St Bartholomew’s Tosside 

communiontableOriginally the church, known as Houghton Chapel, was a chapel-of-ease in the parish of Gisburn. Repairs at different times, have revealed features which suggests that the building may have originally been a barn.

A Parliamentary Survey of 1650 recommended that Houghton Chapel be made a Parish Church. It was 220 years before this came to pass in 1870 when Houghton Chapel became St. Bartholomew’s Church, Tosside. The building was neglected for many years after permission was refused in the 1700’s to turn it into a dissenter’s chapel. Repairs were carried out in 1843 by the then incumbent of Gisburn, Reverend Ambrose Dawson. This was followed by a thorough restoration in 1873 by the first vicar of Tosside, Reverend John Ellerbeck.

Electricity came to Tosside in 1955 and was installed in the church in 1956. Before this, the organ was handblown and the lighting was firstly paraffin lamps and then bottled gas.


The font is made of local stone and must at some point have been exposed to the elements as part of the inscription is worn away. The remainder reads……


The pulpit was provided in 1873 by Rev. John Ellerbeck. As shown by the date and initials1701, G.H.,S.R.,R.D it came from some other church.

george2The war memorial window, depicting St George, is a memorial to the local men who served in the First World War.






St James Stocks in Bowland (Dalehead Church)

insidedalehead Dalehead

This is a mortuary chapel in Gisburn Forest which was built from the stone of the old parish church of Dalehead. Those buried in Dalehead churchyard were removed to the present site when Stocks reservoir was built in the 1930’s. It is about 3 miles from Tosside itself.

Services are still held here for people who have their roots in Dalehead and also passing visitors.

It is a place of quiet reflection for any walkers or nature lovers who pass by. Information about the history of the area can be found on noticeboards inside the church and the graveyard is a designated Biological Heritage Site, having an abundance of over 130 plant species, some of them rare.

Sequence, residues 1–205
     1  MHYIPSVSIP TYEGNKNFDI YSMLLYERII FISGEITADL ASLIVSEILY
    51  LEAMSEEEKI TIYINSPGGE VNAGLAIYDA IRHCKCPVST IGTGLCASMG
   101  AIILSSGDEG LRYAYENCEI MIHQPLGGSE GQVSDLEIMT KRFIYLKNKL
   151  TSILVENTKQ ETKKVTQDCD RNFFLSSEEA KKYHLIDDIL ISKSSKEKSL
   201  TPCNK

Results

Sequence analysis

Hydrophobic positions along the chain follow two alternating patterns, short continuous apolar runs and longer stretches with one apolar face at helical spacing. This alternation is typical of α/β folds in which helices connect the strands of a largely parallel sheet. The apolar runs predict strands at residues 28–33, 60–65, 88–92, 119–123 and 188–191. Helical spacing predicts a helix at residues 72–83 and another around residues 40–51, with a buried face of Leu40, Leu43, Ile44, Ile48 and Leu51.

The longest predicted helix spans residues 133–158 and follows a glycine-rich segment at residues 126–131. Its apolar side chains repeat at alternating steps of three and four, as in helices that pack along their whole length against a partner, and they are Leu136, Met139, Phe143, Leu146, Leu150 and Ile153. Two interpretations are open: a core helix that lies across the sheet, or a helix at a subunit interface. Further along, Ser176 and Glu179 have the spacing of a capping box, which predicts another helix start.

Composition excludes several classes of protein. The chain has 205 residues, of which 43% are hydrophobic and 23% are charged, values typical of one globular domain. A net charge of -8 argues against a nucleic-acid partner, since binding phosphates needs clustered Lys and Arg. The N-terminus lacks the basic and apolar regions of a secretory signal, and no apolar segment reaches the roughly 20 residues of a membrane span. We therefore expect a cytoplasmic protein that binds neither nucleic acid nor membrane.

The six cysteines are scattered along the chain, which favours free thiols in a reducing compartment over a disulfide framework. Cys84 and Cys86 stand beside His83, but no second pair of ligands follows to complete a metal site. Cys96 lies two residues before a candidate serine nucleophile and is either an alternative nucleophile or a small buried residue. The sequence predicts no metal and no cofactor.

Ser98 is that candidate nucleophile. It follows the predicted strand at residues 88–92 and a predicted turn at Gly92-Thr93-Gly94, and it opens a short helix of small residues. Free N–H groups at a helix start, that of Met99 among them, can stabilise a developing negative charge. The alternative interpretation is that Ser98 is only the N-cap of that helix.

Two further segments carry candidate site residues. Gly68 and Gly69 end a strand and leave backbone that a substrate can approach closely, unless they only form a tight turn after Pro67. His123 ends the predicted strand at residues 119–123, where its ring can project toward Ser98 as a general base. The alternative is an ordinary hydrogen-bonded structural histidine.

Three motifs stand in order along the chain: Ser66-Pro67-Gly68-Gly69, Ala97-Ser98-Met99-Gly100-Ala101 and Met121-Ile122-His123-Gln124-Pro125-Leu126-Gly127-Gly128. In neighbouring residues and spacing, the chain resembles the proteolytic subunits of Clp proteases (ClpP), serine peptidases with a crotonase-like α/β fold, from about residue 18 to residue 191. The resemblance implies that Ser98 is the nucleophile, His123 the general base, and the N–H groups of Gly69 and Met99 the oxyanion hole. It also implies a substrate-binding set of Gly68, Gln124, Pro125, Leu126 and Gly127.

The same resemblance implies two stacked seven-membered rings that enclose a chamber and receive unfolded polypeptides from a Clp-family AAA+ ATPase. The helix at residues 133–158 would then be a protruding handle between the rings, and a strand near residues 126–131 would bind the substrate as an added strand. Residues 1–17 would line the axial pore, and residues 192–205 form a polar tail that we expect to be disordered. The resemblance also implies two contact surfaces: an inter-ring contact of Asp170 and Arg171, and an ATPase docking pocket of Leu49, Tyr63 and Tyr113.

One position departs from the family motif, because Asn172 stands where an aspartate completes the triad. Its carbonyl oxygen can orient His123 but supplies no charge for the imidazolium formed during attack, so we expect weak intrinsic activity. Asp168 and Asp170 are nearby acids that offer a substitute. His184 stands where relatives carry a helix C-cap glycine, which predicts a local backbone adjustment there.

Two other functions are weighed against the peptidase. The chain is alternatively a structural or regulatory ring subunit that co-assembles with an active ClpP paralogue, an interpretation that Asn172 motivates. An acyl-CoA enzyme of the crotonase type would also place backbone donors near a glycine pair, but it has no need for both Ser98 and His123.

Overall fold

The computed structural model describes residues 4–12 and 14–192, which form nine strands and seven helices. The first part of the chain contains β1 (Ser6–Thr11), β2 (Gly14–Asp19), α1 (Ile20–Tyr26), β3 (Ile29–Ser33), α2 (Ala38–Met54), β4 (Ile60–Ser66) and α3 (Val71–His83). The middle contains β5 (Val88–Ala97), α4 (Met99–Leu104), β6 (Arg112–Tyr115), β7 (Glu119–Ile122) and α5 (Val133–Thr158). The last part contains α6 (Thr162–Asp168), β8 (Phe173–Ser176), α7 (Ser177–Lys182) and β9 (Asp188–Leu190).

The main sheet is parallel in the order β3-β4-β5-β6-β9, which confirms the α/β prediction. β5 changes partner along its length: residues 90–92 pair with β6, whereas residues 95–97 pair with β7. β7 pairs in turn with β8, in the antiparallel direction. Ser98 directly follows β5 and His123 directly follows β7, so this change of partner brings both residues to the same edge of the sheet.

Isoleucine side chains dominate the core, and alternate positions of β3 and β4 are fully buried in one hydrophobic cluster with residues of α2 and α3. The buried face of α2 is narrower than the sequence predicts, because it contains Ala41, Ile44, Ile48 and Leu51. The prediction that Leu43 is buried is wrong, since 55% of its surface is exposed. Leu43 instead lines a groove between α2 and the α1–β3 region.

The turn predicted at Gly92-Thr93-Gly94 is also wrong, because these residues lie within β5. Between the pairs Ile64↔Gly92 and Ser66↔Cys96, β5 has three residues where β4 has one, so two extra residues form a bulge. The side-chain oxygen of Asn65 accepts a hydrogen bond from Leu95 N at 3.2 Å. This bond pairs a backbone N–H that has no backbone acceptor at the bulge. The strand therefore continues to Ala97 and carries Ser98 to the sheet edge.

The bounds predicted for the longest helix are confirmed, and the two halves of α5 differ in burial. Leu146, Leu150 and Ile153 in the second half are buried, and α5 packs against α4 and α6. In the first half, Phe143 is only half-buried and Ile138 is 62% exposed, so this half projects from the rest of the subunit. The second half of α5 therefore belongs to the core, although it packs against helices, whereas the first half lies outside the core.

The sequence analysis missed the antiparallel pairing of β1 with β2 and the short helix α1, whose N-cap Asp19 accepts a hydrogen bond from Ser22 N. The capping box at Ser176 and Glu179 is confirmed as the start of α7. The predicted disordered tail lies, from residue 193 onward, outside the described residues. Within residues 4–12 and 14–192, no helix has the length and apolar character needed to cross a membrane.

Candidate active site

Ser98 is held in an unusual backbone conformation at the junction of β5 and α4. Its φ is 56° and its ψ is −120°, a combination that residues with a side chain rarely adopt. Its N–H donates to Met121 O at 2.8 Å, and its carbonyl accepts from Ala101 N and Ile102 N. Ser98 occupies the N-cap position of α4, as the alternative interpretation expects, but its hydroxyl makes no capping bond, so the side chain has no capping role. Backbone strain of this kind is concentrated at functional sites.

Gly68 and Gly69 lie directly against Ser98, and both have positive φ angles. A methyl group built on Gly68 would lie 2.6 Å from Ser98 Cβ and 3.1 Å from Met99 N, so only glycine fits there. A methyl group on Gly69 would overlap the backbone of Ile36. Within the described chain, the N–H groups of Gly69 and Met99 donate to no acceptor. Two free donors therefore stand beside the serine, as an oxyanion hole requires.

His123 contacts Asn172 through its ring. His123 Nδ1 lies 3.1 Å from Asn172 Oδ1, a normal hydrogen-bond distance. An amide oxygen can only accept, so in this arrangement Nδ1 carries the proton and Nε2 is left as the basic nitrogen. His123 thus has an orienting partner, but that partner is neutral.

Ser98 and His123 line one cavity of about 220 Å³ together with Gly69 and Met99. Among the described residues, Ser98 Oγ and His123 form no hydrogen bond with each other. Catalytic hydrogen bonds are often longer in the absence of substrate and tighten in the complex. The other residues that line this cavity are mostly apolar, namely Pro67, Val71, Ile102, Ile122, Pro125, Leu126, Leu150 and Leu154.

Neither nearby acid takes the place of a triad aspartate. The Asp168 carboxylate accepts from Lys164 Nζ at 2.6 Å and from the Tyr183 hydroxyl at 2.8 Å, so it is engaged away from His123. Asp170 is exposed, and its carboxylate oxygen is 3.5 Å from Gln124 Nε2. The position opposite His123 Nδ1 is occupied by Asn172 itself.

Mount Zion Chapel

Mount Zion & Cuddy'sThe beginnings of the “Chapel” in Tosside go back to the late 1600’s. During the time of Oliver Cromwell the present Church was used ” … for religious worship after the manner of the Presbyterians or Independents”, but when the local people failed to get the Church registered as “a Chappell for Dissenters” under the Toleration Act of 1689, the house of Henry Robinson, Tosside was registered as such instead. The following year, the Presbyterian Fund ordered “…. that £20 per annum be allowed towards the propagation of the Gospel at Winterburne, Tosside, Starbottom and Burham-in-Craven”, and that Richard Frankland (of Frankland’s Academy, Rathmell) was to provide the Ministers. It is also recorded that similar grants were made fromI704-1708.

Subsequently, services were held in various houses and eventually a congregation was meeting regularly at Higher Sandysyke, the home of Miles Thornber. (Higher Sandysyke is about two-thirds of a mile into the forest, behind the present Chapel.) In 1812 it was recorded that between 200 and 300 people attended services there – whatever the weather or whether it was moonlight or dark – some of them having walked 2 or 3 miles.

It was in this year that it was decided that a Chapel should be built. “its dimensions are to be 11 yards by 14 yards; it is to be galleried on three sides; and the key is to be delivered on Easter Sunday 1813”. The opening was recorded in the Evangelical Magazine for 1813 and stated that it took place on April 20th 1813, four sermons were preached and a handsome collection was taken, including a £5 note!

In 1814, the first Pastor was appointed, the Rev’d Hugh Hart. There were crowded congregations for a while then doctrinal difficulties arose and he left. The difficulties continued for quite a time with no settled ministry. In 1819 the Rev’d. John Crossley came but it is said that he left because his salary of £49 per year was insufficient to keep him, his wife and his five children. However, in 1825 peace was restored and the Rev’d. David Calvert was Minister for the next 18 years. Following him came the Rev’d George Berry and it was during his time the school room behind the Chapel was built. Various Ministers followed, the last one being the Rev’d. Archibald Morrison, who left in 1875. Since then, there has been no resident Minister. Services have been taken by lay men and occasionally a Minister, and the Manse is now occupied by the caretaker.

Both Chapel and Sunday school flourished for quite some time but eventually, as the population of Tosside decreased the Sunday school was closed and weekly services ceased. Now there are just three Services a year, Whit Sunday, Harvest and a Carol Service at Christmas. Light refreshments are served after these services and, in addition to locals, a number of old Tossiders come back for a reunion.



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